Thursday, 5 December 2013

Animal Testing

Animal testing is, for reasons that should be obvious, a controversial issue. I've been asked for my opinion on it by various people recently, so I thought I'd make a blog post stating what my stance on it is.

In short: I think at the present time, it's a necessary evil. I can completely understand why people are against it, and I sympathise with people who want to stop using animal testing in medicine and biomedical research, and I'd love for us to be at the point where we can realistically say "Yes, we have the technology to provide a robust alternative to animal models in medicine and biotechnology", but we're simply not there yet, unfortunately. The day we are, I'll gladly join the ranks of those who want to end the practice of animal testing.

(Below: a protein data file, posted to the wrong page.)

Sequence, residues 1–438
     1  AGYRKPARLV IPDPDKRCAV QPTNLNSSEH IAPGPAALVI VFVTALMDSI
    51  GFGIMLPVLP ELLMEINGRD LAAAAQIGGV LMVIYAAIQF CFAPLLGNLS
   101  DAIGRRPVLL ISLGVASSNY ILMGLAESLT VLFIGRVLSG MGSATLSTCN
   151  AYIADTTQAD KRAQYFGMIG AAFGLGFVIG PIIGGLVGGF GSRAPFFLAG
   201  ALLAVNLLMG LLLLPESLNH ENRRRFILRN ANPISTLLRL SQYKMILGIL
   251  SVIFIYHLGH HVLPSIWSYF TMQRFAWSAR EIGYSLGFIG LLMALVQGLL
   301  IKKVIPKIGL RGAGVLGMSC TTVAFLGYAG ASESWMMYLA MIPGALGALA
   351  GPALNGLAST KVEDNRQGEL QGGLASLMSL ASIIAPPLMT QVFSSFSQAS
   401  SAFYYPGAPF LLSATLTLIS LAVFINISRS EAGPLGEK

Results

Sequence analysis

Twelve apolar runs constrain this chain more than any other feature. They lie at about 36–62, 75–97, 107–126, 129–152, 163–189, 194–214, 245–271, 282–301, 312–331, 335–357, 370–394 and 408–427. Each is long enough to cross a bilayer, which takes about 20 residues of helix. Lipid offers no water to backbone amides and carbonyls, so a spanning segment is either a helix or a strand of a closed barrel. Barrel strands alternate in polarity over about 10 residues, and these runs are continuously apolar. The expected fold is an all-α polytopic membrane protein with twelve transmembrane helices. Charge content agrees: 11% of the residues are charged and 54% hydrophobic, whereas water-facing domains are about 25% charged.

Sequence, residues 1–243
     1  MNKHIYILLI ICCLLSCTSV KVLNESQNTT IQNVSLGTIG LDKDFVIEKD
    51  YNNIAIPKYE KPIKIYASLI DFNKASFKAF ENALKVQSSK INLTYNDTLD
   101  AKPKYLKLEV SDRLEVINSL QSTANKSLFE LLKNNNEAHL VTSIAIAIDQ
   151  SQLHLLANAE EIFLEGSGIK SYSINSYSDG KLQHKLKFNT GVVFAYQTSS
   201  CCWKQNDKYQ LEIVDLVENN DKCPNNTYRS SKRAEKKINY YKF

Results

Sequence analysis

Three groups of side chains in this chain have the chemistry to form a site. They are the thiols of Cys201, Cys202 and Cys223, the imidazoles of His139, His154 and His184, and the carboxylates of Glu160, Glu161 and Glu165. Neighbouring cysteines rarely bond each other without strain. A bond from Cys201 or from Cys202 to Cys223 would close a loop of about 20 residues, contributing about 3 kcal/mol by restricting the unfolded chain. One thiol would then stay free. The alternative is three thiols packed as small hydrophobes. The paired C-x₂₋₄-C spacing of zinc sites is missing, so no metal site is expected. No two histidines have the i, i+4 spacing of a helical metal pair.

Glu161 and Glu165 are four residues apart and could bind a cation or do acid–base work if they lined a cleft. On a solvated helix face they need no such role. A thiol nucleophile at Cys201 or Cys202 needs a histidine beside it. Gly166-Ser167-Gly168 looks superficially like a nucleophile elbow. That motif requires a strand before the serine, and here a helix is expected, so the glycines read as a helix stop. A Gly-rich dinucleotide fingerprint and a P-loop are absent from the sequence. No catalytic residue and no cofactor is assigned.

Fighting against animal testing per-se will never win in the current state of the art, because people place a high value on medicines and other treatments which can cure and prevent human illnesses, disabilities and diseases. It could be argued that this is the result of myopic human attitudes that place themselves at the centre of everything, but if it were your loved one with cancer your priorities would likely change to being willing to sacrifice a few animals in a dark lab somewhere out of sight and out of mind to keep them alive, and if it were you living with a potentially debilitating disability that can be controlled with medication to give you a normal quality of life, you probably wouldn't decline that medication on the basis that it's been tested on animals to ensure it's both effective and safe to use on humans.